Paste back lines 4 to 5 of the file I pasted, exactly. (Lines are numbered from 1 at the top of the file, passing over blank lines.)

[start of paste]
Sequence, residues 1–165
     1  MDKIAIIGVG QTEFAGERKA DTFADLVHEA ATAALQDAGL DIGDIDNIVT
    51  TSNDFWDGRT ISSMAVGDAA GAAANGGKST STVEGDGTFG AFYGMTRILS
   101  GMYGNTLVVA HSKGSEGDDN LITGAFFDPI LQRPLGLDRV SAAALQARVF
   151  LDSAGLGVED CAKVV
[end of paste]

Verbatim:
   101  GMYGNTLVVA HSKGSEGDDN LITGAFFDPI LQRPLGLDRV SAAALQARVF
   151  LDSAGLGVED CAKVV